Great slideshow demonstrating some of the implications between what I’d prefer to call online/offline, rather than real/virtual!
Last night I joined the Association for the Advancement of Computing in Education, specifically for the Social Media Seminar, which hosted a free (I believe monthly) event at around 8pm UK time (quite convenient), a really interesting discussion (again, particularly the ‘backchat’), which can be followed on Twitter at #smti. Once on the Ning site, I joined the Social Learning group, and got some more good links for talking about in my Twitter session later today!
“We live in an age where opportunities for communication are increasing faster than ever. With the rise of Web 2.0 media such as social networking sites and blogs, it has become all the easier for philanthropic organizations to build new connections, as well as publicize their activities and needs.
And charities have responded, emerging as the surprising leader in the social media landscape. A UMass Dartmouth study released in June stated
“new research shows that charitable organizations are still outpacing the business world and academia in their use of social media. In the latest study (2008) a remarkable eighty-nine percent of charitable organizations are using some form of social media including blogs, podcasts, message boards, social networking, video blogging, and wikis.”
These figures are an increase from 2007, in which “seventy-five percent of the respondents…reported they use at least one form of social media.” However, one area where charities can improve is in leveraging these tools to raise funds. In 2008, the study notes, only forty-five percent called social media “very important” to their fundraising strategy, versus forty-six in 2007. “Somewhat important” answers received a small decrease as well, with thirty-six percent in 2008 versus thirty-eight in 2007.
These figures are an interesting anomaly in what is overall a strong push among charities to adapt to and take advantage of social media. As these new forms of communication take hold and break boundaries, it is important to explore what they can bring to fundraising.”
Read the full story.
I’ve had some interesting experiences at recent conferences (reverse chronological order, although I also wrote the most recent last)!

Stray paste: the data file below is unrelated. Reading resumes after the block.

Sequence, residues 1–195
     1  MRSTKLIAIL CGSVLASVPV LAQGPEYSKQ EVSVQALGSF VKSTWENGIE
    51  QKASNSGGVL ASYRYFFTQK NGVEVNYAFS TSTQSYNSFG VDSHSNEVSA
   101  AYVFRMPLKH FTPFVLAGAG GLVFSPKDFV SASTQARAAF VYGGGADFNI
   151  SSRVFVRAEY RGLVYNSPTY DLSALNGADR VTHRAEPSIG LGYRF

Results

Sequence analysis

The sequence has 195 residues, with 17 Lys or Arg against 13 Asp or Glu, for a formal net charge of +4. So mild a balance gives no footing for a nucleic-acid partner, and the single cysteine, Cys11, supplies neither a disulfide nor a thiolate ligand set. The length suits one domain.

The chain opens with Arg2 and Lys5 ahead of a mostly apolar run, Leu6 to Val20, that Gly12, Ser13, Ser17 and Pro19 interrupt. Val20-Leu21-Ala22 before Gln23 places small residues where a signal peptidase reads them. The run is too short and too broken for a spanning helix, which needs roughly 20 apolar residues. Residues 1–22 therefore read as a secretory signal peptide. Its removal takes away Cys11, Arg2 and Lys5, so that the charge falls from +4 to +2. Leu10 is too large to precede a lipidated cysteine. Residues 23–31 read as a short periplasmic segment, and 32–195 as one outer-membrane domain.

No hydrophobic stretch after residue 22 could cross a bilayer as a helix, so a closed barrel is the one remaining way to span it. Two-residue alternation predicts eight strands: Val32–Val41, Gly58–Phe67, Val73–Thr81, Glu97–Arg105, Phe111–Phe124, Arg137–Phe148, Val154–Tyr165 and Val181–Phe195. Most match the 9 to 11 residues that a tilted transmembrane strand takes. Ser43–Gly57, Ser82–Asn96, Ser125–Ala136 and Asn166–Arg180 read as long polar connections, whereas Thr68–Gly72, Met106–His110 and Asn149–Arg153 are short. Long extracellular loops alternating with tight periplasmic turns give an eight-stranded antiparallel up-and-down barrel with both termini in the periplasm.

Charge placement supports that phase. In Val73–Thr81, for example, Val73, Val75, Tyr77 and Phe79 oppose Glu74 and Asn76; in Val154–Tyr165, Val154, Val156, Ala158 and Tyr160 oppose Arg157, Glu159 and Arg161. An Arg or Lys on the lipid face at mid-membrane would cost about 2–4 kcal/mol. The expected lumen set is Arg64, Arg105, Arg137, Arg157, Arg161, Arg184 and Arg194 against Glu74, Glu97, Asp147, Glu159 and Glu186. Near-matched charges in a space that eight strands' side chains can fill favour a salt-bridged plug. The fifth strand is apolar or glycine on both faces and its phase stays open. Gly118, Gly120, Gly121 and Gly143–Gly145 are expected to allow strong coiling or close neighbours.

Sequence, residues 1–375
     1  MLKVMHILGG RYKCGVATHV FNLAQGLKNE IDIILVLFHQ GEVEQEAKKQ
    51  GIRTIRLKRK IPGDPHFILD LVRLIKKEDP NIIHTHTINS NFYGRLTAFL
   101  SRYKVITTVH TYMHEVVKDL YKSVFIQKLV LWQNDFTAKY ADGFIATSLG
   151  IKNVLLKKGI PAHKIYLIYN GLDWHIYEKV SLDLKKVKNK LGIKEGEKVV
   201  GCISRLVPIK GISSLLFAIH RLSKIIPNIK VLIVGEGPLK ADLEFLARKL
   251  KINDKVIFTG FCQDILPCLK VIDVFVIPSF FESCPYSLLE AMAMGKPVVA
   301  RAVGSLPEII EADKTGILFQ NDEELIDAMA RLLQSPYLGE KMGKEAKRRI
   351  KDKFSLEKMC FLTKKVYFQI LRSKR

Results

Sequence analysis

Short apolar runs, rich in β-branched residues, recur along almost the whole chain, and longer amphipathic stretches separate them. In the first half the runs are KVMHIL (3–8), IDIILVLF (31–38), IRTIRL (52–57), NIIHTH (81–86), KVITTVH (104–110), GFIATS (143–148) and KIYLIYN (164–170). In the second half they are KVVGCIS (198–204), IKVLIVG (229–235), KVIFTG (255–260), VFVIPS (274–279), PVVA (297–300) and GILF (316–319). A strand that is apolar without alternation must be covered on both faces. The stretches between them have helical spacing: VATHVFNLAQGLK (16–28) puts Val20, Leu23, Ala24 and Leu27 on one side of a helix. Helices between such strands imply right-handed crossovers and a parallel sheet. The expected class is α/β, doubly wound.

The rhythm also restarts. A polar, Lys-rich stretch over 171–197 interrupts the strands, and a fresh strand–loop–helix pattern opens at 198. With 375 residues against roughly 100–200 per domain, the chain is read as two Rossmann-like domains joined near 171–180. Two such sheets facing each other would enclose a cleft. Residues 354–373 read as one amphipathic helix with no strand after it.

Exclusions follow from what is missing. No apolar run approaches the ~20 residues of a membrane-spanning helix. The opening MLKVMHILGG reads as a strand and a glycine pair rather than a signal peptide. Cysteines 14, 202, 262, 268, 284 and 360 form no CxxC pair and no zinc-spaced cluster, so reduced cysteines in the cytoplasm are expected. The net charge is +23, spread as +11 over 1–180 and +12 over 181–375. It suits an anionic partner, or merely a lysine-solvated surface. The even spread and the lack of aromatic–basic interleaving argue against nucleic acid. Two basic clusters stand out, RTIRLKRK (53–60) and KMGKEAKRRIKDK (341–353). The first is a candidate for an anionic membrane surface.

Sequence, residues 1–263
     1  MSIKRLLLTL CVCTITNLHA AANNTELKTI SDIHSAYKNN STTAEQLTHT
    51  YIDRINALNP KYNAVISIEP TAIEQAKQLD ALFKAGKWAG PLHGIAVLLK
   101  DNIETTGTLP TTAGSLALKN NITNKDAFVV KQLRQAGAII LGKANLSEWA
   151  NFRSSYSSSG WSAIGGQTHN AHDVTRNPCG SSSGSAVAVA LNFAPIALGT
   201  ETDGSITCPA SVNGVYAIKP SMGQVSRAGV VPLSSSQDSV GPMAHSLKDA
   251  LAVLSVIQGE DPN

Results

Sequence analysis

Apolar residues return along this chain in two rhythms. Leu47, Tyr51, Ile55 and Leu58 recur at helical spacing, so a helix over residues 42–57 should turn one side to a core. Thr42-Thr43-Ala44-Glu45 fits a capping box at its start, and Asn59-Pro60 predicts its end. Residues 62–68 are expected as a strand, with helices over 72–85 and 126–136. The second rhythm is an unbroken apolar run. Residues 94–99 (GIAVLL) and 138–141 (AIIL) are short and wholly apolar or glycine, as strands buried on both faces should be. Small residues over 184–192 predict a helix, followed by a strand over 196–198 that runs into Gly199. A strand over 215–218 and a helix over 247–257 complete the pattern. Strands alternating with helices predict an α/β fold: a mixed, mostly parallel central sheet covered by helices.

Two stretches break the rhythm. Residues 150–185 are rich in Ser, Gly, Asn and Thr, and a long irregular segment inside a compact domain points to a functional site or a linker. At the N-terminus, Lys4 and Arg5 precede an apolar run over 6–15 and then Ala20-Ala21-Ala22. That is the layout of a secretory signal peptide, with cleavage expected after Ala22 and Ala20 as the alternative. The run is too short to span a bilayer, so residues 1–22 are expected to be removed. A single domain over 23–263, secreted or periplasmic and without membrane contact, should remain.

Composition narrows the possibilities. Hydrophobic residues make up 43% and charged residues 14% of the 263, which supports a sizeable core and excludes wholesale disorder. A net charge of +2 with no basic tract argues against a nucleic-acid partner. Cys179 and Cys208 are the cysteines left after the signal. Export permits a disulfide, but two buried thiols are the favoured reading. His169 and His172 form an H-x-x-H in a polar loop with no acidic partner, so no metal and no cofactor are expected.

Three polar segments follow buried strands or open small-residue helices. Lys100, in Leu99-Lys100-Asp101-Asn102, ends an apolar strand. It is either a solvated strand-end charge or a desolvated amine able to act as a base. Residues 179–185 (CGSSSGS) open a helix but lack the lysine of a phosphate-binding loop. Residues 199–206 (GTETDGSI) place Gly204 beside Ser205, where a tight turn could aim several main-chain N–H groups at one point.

JISC E-Learning Fair
My iPhone was still awaiting repair/replacement, and as there was a £15 fee to use the wireless, I decided I’d stick with pen and paper, but when it then took quite some time to sort through the information and reproduce a blog, I’m thinking a Netbook may be the way forward other events. As I only have 7.5 hours a week to work on Blended Learning (although I invariably do more), got to conserve the time for working on new ideas, although clearly the dissemination of such information is important!
Why I Study History
PowerPoint was banned at this session, which was intended to be as responsive as possible, but I did write a few notes, and not too long after the event adapted those notes to integrate some of the discussion we’d had afterwards, and posted onto my WW2 Poster blog..
Men at War/Framing Film
Again, at these conferences I was armed only with a notebook. Neither conference was set up for Twitter, so it wasn’t a question there. In giving my paper, I had access to a presentation remote control, and this makes such a difference to presentation – allowing more flexibility, and more engagement with the audience. As to blogging however, I’d blogged BEFORE each conference, which generated a lot of interest (judging by my hit counter), bit I still haven’t got round to putting elements of my paper online, even though I could easily upload the PowerPoints to Slideshare, and maybe even just cut and paste my notes (yes, I did use PPT, but I didn’t have a fixed script).
Attended Greenbelt after the previous couple of events. I’d maintained contact with a number of people from those events via Twitter, Facebook, blog comments, etc., and it was a great chance to meet up with a number of people face-to-face again, and to have a clearer idea of which elements of the event to attend. Greenbelt experimented with an iPhone app for the first time, with around 300-400 users paying around £4 each (rather than £8 for a paper programme), in which you could favourite particular sessions. Only drawback with this was that the battery kept running out, and keeping it charged was either expensive (there was a place to recharge phones) or time-consuming in trying to find a plug socket not in use by someone else/combined with a session you’re interested in! So all my notes, again, were on paper, although I did send out a number of Twitpics from the event (don’t do this overseas, I tried a few from Twitterfon/Echofon, and it downloaded all my tweets as well – my bill for a couple of weeks abroad was about £200!)